I pushed open the door, felt the waft of cold air, and headed out. The sounds of cheerfully sung Christmas carols faded behind me as the door slid shut.
It was the precinct Christmas party, and usually, Starsky would be singing the loudest.
"Hey Starsk. What's wrong?" I took his elbow, and turned him gently to face me. "It's not like you to get upset about Christmas songs. Or is it something else?"
He turned to face me, and yeah, he was upset. He wore that sort of expressionless look he gets, the one that doesn't really cover the fact that he's hurting. He'd left the party partway through a song. He usually loved anything to do with Christmas, especially the music.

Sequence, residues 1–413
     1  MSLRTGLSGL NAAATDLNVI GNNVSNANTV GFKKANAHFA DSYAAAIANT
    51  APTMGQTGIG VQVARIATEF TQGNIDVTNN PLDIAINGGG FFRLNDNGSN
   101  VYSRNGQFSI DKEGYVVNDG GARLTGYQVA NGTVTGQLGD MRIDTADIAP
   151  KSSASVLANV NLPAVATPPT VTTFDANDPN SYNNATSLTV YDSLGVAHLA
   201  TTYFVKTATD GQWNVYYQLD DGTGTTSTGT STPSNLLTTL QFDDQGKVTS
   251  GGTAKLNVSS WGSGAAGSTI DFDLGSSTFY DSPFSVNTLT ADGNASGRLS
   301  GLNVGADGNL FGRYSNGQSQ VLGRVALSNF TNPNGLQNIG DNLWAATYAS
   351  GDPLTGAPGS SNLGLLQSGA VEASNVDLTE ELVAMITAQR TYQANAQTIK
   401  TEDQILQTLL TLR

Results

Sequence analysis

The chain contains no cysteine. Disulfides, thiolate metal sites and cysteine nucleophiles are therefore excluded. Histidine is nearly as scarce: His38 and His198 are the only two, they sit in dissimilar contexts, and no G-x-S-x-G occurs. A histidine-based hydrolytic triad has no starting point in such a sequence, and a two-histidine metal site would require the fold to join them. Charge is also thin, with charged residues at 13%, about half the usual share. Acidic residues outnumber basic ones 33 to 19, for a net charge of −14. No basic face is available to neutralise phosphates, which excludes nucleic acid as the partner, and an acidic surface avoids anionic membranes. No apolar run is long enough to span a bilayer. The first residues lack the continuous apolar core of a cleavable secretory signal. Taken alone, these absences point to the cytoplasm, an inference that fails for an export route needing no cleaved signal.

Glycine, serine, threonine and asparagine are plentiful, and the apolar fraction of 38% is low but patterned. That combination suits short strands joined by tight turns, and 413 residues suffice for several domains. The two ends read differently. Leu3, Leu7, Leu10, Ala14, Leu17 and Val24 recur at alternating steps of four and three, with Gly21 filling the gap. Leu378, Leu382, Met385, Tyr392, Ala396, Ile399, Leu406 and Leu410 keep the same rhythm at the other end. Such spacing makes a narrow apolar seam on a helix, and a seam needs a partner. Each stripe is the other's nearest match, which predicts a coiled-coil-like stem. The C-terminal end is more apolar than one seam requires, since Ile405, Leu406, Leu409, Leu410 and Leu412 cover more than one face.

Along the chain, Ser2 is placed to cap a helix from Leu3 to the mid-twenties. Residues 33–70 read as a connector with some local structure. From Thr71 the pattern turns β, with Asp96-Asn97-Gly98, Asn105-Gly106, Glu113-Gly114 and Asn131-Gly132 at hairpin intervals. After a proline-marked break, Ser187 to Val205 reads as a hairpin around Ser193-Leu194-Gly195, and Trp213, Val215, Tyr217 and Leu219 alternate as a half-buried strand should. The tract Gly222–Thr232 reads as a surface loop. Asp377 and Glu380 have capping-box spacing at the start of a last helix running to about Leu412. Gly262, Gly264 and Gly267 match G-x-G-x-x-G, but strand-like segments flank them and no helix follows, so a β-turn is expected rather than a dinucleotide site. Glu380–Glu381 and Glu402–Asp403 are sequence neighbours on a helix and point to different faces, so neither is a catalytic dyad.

"Ain't the same, Hutch." He passed the back of his hand over his forehead. "Just... ain't the same."
"What isn't, Starsk?" I leaned against the wall near him, watching his face carefully.
"...just heard that line, and couldn't..." He shook his head, crossing his arms over his chest. "Just wasn't the same." He looked down at the ground.
I reached out and put a hand on his arm, wanting to comfort him, even if I didn't understand yet. I cast my mind back. What could be disturbing about "Deck the Halls?" He likes all Christmas music - even the obscure song I once sang for him while playing my guitar, "Sans Day Carol," or "The Holly and the Ivy."
Then I realized. The lyrics just before he left -
"Don we now our gay apparel, la la la la la, la-la-la la..."